That was how strong, influential and concerned civil liberty organisations were in Nigeria prelude to the 2011 general election. And truly, their efforts paid off. Jega conducted the 2011 election and it became popular as the most credible election ever conducted in Nigeria; both local and international election observers observed this. And Nigeria was happy that the journey of political greatness of Nigeria had begun.
Jega held his head high in INEC. He conducted the 2015 election and bowed out gracefully on June 30th, 2015. But since Jega’s retirement from the INEC, nobody has ever asked a single question about what is happening in the INEC, the ultimate electoral umpire. It seems as if nobody is interested any longer or as if all the CSOs and NGOs have simply vanished after the 2011 election.
First, when Jega was leaving, he handed over to someone, Amina Zakari, practically, the most qualified person within the organization but few weeks later, Zakari was replaced with Mahmood Yakubu. It is instructive to note that Yakubu did not emerge through the same process as Jega…and curiously, none of the activists who midwifed the emergence of Jega ever asked questions on how Yakubu was appointed. Everyone kept quiet. While that does not mean that Yakubu is not qualified for the job, it means that Yakubu emerged through a less popular process. It means that Yakubu did not go through the furnace; at least, the type of furnace which Jega went through. It may ultimately mean that Yakubu is not as responsible to the people as Jega was and the implications of that will not be lost on the electorates as elections come and go.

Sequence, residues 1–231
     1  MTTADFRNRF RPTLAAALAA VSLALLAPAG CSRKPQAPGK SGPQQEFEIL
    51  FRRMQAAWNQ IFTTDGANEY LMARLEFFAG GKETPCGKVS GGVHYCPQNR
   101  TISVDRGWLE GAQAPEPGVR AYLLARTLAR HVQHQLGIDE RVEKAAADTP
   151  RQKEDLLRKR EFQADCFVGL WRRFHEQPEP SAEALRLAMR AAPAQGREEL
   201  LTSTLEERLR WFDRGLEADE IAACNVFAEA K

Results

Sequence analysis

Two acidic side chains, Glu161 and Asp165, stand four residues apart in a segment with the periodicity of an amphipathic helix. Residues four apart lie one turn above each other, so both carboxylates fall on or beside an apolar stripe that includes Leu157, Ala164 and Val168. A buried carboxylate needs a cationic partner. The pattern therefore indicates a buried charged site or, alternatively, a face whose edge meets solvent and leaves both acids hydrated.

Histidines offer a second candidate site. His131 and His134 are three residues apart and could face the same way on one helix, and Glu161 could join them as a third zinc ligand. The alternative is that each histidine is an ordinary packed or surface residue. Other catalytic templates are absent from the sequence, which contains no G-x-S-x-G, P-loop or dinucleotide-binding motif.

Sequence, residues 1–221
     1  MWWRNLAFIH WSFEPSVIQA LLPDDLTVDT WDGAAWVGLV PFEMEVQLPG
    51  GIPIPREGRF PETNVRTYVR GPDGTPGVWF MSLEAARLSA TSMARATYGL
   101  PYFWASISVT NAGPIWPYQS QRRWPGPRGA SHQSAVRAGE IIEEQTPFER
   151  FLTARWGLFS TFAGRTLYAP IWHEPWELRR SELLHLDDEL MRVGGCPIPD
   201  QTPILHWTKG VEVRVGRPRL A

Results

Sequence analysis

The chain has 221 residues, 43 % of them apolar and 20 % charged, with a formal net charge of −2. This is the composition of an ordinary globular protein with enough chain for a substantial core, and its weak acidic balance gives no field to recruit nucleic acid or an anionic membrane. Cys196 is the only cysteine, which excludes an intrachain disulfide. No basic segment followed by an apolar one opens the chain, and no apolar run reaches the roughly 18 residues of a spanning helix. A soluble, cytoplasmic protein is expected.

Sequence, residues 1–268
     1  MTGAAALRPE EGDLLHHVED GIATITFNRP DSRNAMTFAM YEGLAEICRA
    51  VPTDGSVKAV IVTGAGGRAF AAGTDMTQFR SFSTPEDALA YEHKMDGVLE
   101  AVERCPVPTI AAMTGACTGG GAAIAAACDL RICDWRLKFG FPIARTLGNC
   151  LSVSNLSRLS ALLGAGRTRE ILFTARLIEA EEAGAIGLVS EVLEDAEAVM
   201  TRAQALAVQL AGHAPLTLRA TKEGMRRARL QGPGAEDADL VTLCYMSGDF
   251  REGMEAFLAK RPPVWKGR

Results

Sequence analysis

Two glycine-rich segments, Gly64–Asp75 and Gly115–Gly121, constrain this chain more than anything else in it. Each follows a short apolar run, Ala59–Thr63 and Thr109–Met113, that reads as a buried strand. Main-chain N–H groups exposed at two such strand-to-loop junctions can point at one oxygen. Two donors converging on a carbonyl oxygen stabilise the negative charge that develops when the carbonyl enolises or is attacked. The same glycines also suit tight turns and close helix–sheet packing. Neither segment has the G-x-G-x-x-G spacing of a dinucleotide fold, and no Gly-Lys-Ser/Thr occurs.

True to that, the performance of the present regime of the INEC has been controversial. Nigeria has had more than a fair share of inconclusive elections. And certain appearances and approaches of the INEC during Edo and Ondo, Ekiti, Osun gubernatorial elections have continued to raise question marks on the real status of this INEC.
Elections remain the most popular process of governance in democratic systems. Anywhere in the world, particularly in democracies, the nature of the electoral process always determines the quality of governance.
It is unfortunate that Nigeria may go to the polls from February 2019 with less clear electoral system. Nigeria should have gone past here if the present government had taken up the task of reforming the electoral system. And Nigeria is in a dire need to move ahead from here.
Fatoumata Oumar, Editor at Discover Africa News, sent this piece through firstname.lastname@example.org